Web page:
No, a landlord cannot request a criminal record check from tenants or prospective tenants. Asking for one is considered personal information beyond what is necessary to provide tenancy. For more information on privacy law and landlord-tenant matters, refer to the Office of the Information & Privacy Commissioner of Alberta’s resource, Privacy and Landlord: Tenant Matters FAQs, available on its website: www.oipc.ab.ca.

As for whether there is a way to check if a prospective tenant is a sex offender, the answer is no. The National Sex Offender Registry is a national registration system for sex offenders who have been convicted and ordered by the courts to report annually to police. The public does not have access to the Registry; only law enforcement agencies can access and use the Registry. For more information, refer to the Royal Canadian Mounted Police’s website: www.rcmp-grc.gc.ca.

I suspect that my tenants are cooking crystal meth in my rental property. What can I do about the situation?

Under the Residential Tenancies Act (RTA), if the tenant commits any illegal acts in the property, then the tenant has committed a substantial breach of the tenancy agreement and can be evicted by the landlord with a 14-day written notice. However, in an eviction situation (where the reason for eviction is not unpaid rent), a tenant can write a letter of objection if they do not agree with the eviction. The tenant must serve the notice of objection on the landlord before the termination date. If the tenant does not serve a notice of objection, then a landlord can seek an order to remove the tenant.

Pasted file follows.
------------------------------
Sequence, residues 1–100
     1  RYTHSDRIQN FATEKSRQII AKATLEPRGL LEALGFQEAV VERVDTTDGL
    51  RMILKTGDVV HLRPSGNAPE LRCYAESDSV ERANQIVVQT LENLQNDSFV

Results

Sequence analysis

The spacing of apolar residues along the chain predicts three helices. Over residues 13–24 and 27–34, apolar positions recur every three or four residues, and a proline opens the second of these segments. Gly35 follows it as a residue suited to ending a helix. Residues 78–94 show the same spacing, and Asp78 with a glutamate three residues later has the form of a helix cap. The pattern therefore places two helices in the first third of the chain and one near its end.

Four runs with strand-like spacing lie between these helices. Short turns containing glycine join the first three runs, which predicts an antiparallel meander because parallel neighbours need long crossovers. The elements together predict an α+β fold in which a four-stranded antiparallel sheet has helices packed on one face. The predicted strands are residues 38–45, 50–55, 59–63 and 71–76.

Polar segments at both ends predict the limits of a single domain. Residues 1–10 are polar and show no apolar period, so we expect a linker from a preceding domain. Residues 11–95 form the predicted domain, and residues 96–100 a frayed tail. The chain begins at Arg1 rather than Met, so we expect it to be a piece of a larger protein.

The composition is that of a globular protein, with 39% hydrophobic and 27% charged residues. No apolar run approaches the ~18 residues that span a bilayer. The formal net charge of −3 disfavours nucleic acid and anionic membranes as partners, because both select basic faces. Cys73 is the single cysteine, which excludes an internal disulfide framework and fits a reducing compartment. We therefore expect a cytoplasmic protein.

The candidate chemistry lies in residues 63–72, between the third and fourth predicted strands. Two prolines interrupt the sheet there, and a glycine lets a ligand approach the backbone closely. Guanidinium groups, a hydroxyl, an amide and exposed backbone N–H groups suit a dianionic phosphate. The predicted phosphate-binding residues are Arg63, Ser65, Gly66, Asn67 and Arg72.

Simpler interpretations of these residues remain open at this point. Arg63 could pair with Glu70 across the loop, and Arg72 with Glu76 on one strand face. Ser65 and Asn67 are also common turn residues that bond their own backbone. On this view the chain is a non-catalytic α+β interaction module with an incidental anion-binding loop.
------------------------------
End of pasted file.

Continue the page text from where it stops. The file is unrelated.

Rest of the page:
You should also consider contacting Safer Communities and Neighbourhoods (SCAN), a unit of the Alberta Sheriffs. SCAN initiates investigations on properties that are suspected of being used for illegal activities and can help landlords to facilitate an eviction or resolution. For more information on SCAN, go to the Government of Alberta’s website: www.alberta.ca  or call the following toll-free number: 1-866-960-SCAN (7226).

My landlord started installing cameras in and around our building. I noticed that one of the cameras in the building courtyard points directly into my bedroom. Can my landlord do that?